Gene expression changes in the ventral hippocampus and medial prefrontal cortex of adolescent alcohol-preferring (P) rats following binge-like alcohol drinking

Jeanette N. McClintick, William J. McBride, Richard L. Bell, Zheng Ming Ding, Yunlong Liu, Xiaoling Xuei, Howard J. Edenberg

Research output: Contribution to journalArticle

8 Scopus citations

Abstract

Binge drinking of alcohol during adolescence is a serious public health concern with long-term consequences, including decreased hippocampal and prefrontal cortex volume and deficits in memory. We used RNA sequencing to assess the effects of adolescent binge drinking on gene expression in these regions. Male adolescent alcohol-preferring (P) rats were exposed to repeated binge drinking (three 1-h sessions/day during the dark/cycle, 5 days/week for 3 weeks starting at 28 days of age; ethanol intakes of 2.5–3 g/kg/session). Ethanol significantly altered the expression of 416 of 11,727 genes expressed in the ventral hippocampus. Genes and pathways involved in neurogenesis, long-term potentiation, and axonal guidance were decreased, which could relate to the impaired memory function found in subjects with adolescent alcohol binge-like exposure. The decreased expression of myelin and cholesterol genes and apparent decrease in oligodendrocytes in P rats could result in decreased myelination. In the medial prefrontal cortex, 638 of 11,579 genes were altered; genes in cellular stress and inflammatory pathways were increased, as were genes involved in oxidative phosphorylation. Overall, the results of this study suggest that adolescent binge-like alcohol drinking may alter the development of the ventral hippocampus and medial prefrontal cortex and produce long-term consequences on learning and memory, and on control of impulsive behaviors.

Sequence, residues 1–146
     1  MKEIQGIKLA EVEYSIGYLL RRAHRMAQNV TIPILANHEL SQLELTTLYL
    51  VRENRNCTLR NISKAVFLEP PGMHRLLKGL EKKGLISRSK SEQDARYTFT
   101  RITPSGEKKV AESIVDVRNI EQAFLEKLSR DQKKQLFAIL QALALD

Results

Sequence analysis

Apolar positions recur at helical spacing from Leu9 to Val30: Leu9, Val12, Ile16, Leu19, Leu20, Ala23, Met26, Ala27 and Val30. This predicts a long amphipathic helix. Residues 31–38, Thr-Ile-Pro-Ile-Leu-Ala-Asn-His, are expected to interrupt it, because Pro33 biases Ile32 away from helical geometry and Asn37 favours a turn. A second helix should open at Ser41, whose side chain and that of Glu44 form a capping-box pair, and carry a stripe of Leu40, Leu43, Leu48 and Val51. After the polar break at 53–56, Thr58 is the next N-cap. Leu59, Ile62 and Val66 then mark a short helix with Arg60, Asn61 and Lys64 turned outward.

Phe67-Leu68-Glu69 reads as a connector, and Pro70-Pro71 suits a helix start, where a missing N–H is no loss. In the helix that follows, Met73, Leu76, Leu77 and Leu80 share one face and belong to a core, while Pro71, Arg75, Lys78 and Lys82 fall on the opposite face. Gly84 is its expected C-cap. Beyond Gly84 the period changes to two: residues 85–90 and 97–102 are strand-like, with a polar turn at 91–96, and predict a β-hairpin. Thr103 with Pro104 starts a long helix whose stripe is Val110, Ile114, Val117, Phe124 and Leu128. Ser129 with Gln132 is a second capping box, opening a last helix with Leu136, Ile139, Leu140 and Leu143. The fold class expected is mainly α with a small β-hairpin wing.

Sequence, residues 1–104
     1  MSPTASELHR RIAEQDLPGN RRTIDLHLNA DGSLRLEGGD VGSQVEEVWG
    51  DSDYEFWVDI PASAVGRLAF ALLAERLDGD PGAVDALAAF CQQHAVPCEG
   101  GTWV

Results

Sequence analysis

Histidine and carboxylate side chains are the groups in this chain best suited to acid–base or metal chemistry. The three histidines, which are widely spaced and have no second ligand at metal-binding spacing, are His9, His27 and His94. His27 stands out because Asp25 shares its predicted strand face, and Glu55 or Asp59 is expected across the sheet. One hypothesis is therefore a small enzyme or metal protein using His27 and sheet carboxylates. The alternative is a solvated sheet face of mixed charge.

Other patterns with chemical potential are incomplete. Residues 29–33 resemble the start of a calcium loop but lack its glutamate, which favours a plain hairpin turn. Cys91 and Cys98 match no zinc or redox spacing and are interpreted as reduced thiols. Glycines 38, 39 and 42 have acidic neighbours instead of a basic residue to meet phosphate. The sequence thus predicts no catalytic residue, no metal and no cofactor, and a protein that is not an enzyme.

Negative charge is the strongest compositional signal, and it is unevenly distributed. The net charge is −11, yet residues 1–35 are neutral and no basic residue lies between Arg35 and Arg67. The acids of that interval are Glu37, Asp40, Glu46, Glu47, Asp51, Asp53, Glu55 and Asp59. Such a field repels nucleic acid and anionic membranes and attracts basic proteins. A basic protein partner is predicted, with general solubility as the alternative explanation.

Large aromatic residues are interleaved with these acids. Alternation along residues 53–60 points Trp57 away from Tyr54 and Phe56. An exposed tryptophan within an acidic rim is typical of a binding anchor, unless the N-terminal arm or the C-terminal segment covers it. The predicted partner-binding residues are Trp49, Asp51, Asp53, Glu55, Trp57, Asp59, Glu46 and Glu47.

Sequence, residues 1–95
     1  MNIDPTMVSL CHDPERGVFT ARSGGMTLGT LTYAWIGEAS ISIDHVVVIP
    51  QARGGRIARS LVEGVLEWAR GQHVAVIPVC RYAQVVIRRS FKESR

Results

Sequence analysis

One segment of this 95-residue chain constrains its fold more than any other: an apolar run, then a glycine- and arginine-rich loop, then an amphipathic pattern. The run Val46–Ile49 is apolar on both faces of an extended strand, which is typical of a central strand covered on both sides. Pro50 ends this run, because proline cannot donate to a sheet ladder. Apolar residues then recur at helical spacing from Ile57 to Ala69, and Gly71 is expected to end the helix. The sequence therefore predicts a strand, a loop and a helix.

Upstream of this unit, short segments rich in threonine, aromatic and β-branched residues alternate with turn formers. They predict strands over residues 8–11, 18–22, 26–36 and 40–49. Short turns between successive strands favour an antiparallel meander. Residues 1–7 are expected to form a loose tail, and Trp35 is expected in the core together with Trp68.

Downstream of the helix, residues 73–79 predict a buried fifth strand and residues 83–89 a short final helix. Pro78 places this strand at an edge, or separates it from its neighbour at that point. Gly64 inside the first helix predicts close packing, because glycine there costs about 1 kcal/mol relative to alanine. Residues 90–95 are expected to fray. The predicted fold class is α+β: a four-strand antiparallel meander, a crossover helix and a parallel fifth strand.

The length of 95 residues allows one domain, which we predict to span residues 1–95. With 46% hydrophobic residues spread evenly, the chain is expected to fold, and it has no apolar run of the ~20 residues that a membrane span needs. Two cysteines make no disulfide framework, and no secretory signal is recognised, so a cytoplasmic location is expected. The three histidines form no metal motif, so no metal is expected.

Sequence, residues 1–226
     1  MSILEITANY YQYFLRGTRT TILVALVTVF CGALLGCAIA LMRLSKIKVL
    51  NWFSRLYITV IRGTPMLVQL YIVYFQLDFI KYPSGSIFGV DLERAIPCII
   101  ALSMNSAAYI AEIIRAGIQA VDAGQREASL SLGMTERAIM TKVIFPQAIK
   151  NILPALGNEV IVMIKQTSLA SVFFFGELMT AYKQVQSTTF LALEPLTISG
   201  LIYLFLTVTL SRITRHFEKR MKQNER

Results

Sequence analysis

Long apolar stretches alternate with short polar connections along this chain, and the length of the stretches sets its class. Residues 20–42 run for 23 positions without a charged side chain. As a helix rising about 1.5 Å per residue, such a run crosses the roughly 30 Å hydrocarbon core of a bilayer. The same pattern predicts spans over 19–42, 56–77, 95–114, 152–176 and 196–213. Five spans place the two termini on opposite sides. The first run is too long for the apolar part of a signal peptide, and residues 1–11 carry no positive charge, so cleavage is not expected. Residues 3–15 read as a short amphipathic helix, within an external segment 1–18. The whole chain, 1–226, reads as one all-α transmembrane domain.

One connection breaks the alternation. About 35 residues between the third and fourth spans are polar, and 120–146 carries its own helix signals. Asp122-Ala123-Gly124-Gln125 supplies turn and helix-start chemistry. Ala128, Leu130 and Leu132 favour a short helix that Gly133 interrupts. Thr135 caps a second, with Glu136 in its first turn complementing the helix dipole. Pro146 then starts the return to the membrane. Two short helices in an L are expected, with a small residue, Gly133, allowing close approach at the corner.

Original languageEnglish (US)
Pages (from-to)37-47
Number of pages11
JournalAlcohol
Volume68
DOIs
StatePublished - May 2018

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Keywords

  • Alcohol
  • Binge drinking
  • Hippocampus
  • Prefrontal cortex

ASJC Scopus subject areas

  • Health(social science)
  • Biochemistry
  • Toxicology
  • Neurology
  • Behavioral Neuroscience

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